Booking is imperative at this diminutive paladar in a cobblestoned alleyway off Plaza Cathedral, one of Havana’s most iconic colonial squares. Over the past year other places have opened next door giving this whole alleyway a cosy and happening feel. We still prefer the original – so keep walking to the final place on the back right.
Doña Eutimia feels like it’s been here forever; its walls are crowded with decorative antique clocks, paintings and local artwork and its rooms are divided by a splendid stained-glass window. The food is classic creole chicken, pork and fish, cooked well, and there are decent fresh juices (pineapple, guava, orange and papaya). The fried malanga (a Cuban root vegetable) appetiser is not to be missed.
- Siá Kará Bar-brasserie (moderate)
Calle Industria no 502, Esquina Calle Barcelona, Habana, Cuba
+53 78 67 40 84
This bar-café-restaurant maybe a bit tricky to find the first time – bear in mind it is just behind Havana’s Capitolio. Run by a Frenchman this has a European style despite all the Cuban memorabilia. Open doors, high ceilings, a certain French attitude – don’t expect sycophantic service here! Disappointingly the food is only average – opening tapas are good, basque chicken ok and ratatouille a little better. You come here for the vibe – on a normal night expect it to be packed to overflowing with Cuban hipsters, expats and tourists clutching recommendations. This is a lived in vibe, it is a here in this moment in time vibe, Havana in its teenage years of the 21st Century. Superb music where from the DJ or impromptu signing around the piano brilliantly played by the owner this is a place to enjoy.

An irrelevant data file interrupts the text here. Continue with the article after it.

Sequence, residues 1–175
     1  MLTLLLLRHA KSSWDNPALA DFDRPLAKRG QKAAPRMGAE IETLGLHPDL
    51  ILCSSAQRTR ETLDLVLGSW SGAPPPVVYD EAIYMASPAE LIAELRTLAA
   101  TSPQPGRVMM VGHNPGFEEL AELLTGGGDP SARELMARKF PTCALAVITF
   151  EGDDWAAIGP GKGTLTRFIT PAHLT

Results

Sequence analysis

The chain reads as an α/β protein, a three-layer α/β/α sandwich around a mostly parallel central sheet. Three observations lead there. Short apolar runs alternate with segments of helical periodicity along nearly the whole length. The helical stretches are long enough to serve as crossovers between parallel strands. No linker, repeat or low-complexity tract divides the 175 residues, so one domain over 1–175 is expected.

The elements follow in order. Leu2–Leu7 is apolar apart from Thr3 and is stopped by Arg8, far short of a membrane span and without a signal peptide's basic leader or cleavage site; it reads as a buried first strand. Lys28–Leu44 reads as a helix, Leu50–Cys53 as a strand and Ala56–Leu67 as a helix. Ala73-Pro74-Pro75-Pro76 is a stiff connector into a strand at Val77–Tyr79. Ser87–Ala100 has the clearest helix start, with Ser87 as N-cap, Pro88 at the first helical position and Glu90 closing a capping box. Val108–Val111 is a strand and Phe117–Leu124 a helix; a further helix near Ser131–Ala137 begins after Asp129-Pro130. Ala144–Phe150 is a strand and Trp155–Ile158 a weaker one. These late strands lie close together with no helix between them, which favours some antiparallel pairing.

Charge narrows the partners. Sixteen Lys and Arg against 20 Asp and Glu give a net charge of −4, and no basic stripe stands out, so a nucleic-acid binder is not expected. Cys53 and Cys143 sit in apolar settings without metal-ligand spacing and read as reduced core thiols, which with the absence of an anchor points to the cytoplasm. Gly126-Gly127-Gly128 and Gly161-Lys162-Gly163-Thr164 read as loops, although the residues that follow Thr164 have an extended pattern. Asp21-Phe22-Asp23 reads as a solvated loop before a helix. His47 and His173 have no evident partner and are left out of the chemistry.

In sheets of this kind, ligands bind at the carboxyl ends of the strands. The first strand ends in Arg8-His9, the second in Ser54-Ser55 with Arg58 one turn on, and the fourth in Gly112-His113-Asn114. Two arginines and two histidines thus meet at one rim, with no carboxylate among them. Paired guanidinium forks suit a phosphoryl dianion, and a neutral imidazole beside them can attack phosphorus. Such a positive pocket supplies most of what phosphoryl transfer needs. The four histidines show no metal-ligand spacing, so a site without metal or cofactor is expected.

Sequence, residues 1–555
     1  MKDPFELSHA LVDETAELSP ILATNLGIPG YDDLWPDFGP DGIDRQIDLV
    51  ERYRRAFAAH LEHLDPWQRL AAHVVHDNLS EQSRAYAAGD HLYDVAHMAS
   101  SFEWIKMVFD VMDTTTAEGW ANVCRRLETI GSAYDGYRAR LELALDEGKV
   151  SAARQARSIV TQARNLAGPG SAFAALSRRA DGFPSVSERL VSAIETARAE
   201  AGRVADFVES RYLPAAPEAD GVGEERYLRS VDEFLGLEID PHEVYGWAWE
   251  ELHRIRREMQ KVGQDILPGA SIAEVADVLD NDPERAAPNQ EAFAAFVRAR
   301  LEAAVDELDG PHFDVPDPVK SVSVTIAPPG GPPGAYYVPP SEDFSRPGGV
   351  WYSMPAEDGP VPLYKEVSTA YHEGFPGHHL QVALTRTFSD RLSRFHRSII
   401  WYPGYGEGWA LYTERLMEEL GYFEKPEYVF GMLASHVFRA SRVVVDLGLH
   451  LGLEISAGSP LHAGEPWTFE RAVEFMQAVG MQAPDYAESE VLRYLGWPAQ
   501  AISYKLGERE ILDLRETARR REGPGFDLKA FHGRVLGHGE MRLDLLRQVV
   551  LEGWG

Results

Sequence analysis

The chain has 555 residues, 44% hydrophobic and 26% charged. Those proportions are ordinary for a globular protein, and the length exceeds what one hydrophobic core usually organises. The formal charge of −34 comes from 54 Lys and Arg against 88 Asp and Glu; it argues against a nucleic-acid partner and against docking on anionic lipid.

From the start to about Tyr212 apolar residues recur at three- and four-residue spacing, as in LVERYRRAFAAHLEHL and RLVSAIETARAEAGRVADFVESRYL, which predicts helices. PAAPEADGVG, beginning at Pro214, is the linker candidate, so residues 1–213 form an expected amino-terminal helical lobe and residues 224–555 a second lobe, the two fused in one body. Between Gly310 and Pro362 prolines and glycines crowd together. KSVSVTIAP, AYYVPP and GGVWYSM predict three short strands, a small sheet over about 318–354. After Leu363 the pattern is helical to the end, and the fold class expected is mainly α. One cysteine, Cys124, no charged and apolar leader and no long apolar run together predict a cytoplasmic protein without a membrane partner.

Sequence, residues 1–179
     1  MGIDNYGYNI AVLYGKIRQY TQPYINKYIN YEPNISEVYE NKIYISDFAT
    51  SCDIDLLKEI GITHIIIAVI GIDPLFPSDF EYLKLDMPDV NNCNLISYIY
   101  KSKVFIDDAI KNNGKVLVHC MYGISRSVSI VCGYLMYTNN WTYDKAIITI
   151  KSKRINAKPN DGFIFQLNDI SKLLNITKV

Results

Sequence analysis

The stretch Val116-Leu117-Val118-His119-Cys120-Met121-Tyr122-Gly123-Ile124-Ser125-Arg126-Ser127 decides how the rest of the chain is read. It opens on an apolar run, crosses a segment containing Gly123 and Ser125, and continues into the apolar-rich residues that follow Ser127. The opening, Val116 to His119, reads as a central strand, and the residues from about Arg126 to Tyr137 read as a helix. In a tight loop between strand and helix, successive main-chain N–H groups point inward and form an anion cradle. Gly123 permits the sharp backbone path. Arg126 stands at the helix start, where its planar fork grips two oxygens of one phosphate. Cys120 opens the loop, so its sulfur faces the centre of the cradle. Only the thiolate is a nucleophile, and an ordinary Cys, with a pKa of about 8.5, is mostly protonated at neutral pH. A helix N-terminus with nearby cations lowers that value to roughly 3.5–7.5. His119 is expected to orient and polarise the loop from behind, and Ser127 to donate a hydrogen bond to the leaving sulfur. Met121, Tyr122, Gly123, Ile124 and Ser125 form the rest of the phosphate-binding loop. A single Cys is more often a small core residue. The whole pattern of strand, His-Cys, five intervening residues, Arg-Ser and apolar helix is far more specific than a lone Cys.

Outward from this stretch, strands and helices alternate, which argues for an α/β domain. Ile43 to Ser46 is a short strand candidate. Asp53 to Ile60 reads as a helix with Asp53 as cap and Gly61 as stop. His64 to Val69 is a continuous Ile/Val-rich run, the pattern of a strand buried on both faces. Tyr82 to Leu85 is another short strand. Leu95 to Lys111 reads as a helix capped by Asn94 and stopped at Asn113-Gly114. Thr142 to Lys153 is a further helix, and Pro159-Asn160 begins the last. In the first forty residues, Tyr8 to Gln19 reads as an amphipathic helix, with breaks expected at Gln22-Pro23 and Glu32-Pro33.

- Navdrovie Soviet (expensive)
For the ultimate in Soviet retro we bring you Navdrovie, from the usher, dressed in a Russian sailor suit, greeting guests at the front entrance, to its vintage Soviet propaganda posters hung all over the walls, to a Valdimir Lenin bust flanked by tall vodka bottles, and all the way to the matryoshka dolls sitting on the shelves, Nazdarovie takes USSR nostalgia to a whole new level.
Since its opening in 2014 this place has established itself as a home from home for Russian tour groups, the Russian Embassy, foodies and tourists. It has appeared in countless articles in the international press and has features in various food shows on Havana. It is consistently near the top of Trip Advisor’s rankings.
Apart from the Soviet nostalgia guests on the outdoor tables have an outstanding view of the Malecón – catch cocktails there at sunset. Food wise, there is an eclectic mix from the old Soviet republics, not just Russia – think Georgia and the Baltics. Classic caviar sits alongside salade olivier and homemade Russian style raviolis filled with ground beef in sour cream to pan seared spicy chicken. Each dish is well thought out and presented with exquisite garnish.
Viva La Union Soviética!